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Finally understandable: LoRa (and LoRaWAN) explained simply!

LoRaWAN stands for Long Range Wide Area Network and means or enables energy-efficient transmission of data over long distances. This is specifically designed for the Internet of Things (IoT) and Industrial Internet of Things (IIoT). With LoRaWAN, it is possible to manage several hundred sensors within a network and process sensor data. Sensors can operate for up to 10 years without changing batteries, which significantly limits maintenance.

A LoRaWAN consists of at least three components: a node (sensor), a gateway, and a LoRa server. The gateway forms the interface between the energy-efficient LoRa radio transmission and the high-performance connection to the server. We have summarized what you need to consider when positioning the gateways for you in the blog post For maximum LoRaWAN range: Positioning gateways and sensors correctly .

The node uses LoRa to send data to all gateways in its environment. They record the data, pass it on and pass it on to the server. From this point on, the data can be further processed, visualized and/or stored individually. You can find more information about the advantages of the technology and areas of application in the field of IoT at LoRa Funk.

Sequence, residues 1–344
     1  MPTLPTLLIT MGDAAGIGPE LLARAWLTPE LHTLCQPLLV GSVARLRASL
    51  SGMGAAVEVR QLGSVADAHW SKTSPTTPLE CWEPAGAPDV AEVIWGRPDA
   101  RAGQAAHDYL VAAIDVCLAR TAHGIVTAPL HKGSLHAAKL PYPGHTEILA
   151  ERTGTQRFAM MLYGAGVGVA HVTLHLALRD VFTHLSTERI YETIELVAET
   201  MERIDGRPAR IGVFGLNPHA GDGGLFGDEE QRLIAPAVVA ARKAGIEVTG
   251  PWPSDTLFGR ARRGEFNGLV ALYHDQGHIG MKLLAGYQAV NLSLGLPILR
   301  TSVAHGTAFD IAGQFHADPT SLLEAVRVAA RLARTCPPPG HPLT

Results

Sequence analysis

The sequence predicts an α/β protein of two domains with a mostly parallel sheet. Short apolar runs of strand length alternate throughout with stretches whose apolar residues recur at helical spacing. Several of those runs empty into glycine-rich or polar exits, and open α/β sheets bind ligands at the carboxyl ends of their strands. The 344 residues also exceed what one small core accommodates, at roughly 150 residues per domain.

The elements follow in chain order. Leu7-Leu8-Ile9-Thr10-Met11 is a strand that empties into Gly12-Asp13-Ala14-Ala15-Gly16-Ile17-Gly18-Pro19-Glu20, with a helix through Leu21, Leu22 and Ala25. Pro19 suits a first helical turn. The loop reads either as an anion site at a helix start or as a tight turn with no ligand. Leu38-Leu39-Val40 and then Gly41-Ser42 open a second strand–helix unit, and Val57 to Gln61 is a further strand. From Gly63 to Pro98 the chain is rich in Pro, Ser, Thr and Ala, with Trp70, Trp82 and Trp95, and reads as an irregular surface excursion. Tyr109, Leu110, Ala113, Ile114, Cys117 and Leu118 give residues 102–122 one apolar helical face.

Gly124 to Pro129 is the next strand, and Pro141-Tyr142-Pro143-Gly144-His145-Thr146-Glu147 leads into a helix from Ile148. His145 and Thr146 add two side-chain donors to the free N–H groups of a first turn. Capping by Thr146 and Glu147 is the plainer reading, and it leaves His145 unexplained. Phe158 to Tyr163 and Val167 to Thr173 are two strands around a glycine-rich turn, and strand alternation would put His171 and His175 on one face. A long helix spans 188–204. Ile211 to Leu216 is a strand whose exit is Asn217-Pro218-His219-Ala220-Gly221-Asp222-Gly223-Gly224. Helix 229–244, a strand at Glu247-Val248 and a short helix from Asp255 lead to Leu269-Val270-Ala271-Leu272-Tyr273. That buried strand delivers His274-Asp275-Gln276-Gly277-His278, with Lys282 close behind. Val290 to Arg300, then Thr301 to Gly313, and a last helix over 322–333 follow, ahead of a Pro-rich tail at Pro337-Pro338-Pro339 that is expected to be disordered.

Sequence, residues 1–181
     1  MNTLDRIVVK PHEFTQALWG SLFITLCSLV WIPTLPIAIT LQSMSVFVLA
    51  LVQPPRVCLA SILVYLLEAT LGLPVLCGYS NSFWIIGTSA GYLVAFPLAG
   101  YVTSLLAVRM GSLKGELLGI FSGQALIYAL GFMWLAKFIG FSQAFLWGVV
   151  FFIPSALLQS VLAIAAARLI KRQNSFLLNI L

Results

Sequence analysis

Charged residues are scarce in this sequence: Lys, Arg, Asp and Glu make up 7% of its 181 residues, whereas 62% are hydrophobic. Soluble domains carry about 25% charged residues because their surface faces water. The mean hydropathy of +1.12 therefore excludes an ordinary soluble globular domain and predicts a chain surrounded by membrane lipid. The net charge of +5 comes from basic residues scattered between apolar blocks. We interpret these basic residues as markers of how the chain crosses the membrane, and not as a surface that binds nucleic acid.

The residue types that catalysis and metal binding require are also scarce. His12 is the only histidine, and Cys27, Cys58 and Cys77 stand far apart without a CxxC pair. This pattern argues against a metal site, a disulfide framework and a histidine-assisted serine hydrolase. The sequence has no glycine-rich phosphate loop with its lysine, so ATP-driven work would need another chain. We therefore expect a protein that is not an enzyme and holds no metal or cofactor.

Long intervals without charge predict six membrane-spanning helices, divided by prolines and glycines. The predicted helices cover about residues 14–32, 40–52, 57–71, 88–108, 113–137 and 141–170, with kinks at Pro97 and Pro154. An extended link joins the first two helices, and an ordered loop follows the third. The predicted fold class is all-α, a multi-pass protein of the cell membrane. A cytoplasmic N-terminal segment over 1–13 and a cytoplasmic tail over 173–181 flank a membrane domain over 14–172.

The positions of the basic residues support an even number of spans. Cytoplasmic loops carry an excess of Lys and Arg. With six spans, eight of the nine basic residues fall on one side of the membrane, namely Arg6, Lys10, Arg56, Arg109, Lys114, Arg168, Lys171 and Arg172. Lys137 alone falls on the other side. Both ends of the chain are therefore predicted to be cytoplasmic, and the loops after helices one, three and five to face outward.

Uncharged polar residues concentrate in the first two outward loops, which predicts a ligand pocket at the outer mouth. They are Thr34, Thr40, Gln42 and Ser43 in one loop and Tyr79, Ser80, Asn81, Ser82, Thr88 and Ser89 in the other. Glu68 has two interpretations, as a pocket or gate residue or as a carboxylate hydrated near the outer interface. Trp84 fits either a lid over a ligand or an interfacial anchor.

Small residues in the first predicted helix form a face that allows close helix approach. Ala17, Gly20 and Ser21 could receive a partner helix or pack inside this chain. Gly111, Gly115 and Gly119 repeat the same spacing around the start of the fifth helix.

LineMetrics LoRa Sensors

LoRa Sensors

Send measured values via LoRa to Gateway.

LineMetrics LoRa Gateway

LoRa Gateway

Sends data to servers via LTE/LAN.

LineMetrics LoRa Server

LoRa Server

Processes data, manages devices, etc.

LoRa vs. LoRaWAN – what’s the difference?

LoRaWAN describes the entire network structure as well as the communication of the individual components with each other. This ensures that any LoRaWAN-enabled device can be easily connected to an existing network.

LoRa refers to the radio technology developed by Semtech, which enables extremely energy-saving and long-range data transmission. LoRa is only used between the node (sensor) and the gateway.